• Make an Art Journal
    Art journaling can be a great way to collect meaningful words and images. There are many examples of art journals online, and the possibilities are endless. Ideally, you’d have a notebook that is just for art journaling, and a collection of pens, images, glue, washi tape, stickers, or anything else you might want to use in your journal. Some survivors find it helpful to expressively write on the pages and then cover the writing with images and words that represent their healing or emotions. You may choose to art journal daily, or whenever you feel inspired. Be creative and let this journal be what you want it to be.

  • Engage with Music
    Music can be the perfect tool to explore thoughts, insights, and feelings that are difficult to express. There are a variety of ways you could use music. Maybe you’d like to write new lyrics for a song that already exists. Or perhaps you’d like to write an original piece of music either with or without words. You could also put in your earbuds (to make it easier for the other participants to focus on their creative expressions) and create a playlist that includes songs that represent your healing journey and the different emotions you experience. You can listen to this playlist to inspire you to focus on healing, to embrace or move through a specific emotion, or to celebrate your strength.

  • Dance
    For survivors of child sexual abuse, there is great power in connecting with your body. Consider choreographing a dance to represent your healing journey or putting on a triumphant song and spontaneously moving as a way to connect with both your body and your emotions.

  • Craft with Paper, Fabric, or Wood
    Many survivors take up a hobby to help them practice Mindfulness. Hobbies can also be a great way to form connections with others. For example, paper crafting (like scrapbooking or card-making) can be a fun way to create things that become keepsakes or gifts and can easily be done in groups. Paper quilling is also a beautiful art form, and the attentiveness needed as you roll the paper can be an excellent opportunity to practice Mindfulness. Embroidery, cross-stitch, knitting, and crocheting can also provide opportunities to connect with others and/or practice Mindfulness. Wood provides similar potential with painting, woodburning, carving, etc. The key is to find something you enjoy and to allow it to help you explore your feelings and express your experiences.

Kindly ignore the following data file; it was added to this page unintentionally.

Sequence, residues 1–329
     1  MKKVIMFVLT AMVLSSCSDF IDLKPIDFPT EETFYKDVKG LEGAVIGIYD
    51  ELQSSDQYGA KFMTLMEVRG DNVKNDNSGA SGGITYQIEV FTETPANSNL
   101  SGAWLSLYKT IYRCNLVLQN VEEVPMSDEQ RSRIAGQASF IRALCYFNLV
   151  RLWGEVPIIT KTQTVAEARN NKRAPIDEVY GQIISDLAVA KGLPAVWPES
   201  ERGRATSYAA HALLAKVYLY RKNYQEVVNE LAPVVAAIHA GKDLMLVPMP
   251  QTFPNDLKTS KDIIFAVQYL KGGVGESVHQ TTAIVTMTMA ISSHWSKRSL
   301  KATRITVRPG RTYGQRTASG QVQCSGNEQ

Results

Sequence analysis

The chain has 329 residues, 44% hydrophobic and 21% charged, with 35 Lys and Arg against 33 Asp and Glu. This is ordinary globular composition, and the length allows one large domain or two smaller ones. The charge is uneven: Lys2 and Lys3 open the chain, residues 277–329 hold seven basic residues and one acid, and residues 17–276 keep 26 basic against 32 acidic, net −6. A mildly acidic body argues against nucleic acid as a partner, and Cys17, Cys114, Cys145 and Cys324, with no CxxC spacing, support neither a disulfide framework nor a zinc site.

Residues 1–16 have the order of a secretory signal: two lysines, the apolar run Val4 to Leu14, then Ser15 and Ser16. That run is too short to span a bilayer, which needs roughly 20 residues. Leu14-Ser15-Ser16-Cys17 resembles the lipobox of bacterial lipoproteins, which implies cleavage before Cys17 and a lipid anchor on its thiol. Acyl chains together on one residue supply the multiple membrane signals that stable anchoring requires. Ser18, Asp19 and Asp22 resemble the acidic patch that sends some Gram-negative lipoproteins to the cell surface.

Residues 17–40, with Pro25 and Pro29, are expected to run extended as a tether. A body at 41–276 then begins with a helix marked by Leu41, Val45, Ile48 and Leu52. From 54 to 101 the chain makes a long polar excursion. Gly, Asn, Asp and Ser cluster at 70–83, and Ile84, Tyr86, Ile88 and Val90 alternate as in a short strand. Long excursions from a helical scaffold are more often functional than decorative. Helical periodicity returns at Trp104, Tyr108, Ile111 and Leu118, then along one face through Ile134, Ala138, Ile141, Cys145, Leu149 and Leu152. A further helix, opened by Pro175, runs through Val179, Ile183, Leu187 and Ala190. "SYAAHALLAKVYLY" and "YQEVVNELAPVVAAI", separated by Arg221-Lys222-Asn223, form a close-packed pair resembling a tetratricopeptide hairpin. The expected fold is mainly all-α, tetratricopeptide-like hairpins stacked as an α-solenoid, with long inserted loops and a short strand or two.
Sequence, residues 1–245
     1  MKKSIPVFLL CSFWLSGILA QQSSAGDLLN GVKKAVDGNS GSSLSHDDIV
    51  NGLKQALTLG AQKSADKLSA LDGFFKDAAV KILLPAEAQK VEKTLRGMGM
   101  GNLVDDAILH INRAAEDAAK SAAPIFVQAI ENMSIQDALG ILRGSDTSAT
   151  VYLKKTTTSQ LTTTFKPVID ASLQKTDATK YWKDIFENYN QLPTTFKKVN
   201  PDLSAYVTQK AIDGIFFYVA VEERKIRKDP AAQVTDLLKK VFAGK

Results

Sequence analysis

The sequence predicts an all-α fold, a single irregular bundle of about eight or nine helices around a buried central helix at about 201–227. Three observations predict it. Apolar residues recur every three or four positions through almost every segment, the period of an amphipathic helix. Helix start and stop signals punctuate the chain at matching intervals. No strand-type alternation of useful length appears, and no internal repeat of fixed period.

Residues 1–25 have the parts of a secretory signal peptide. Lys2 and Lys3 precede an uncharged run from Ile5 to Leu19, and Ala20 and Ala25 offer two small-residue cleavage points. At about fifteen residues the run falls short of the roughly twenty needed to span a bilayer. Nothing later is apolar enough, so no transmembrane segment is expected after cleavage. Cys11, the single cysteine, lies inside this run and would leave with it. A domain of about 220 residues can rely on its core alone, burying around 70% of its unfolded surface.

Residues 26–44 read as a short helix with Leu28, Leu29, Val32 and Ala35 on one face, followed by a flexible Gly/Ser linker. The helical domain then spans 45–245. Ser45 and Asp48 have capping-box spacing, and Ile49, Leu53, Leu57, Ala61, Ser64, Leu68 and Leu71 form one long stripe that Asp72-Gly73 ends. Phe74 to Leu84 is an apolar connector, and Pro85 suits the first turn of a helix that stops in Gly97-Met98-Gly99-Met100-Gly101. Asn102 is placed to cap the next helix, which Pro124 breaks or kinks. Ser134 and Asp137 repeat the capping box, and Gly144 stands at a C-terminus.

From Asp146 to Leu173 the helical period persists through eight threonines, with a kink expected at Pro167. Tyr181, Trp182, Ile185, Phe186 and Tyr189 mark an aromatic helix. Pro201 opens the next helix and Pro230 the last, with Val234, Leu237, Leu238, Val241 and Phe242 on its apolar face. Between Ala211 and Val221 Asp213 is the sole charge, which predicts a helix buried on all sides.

Grounding Exercise


This simple exercise is an example of sensory grounding, which involves directing your attention toward one or more of your five senses.

So let’s begin.

Activity Steps

Take a moment to get comfortable and focus on the setting around you. 
Name 5 things you can see. As you do so, label each one in your head. 
Name 4 things you can hear. 
Name 3 things you can feel. 
Name 2 things you can smell. 
Name 1 thing you can taste. Some people will carry oils or a mint so they have them ready should they need to ground using their senses.  
Finally, take a moment to notice any other details around you or sensations you might be experiencing in this moment. Take a few deep breaths and allow yourself to simply be. 

Video Option

Watch this video about everyday grounding techniques, focusing on the sensory experiences it may evoke.  

Hosting Your Meetings Off-Line? Download All of the Materials You Need Here:

Download this resource (PDF)
Download Meeting script (PDF)

Additional Resources

If you are interested in learning more about this topic, we invite you to explore these additional resources.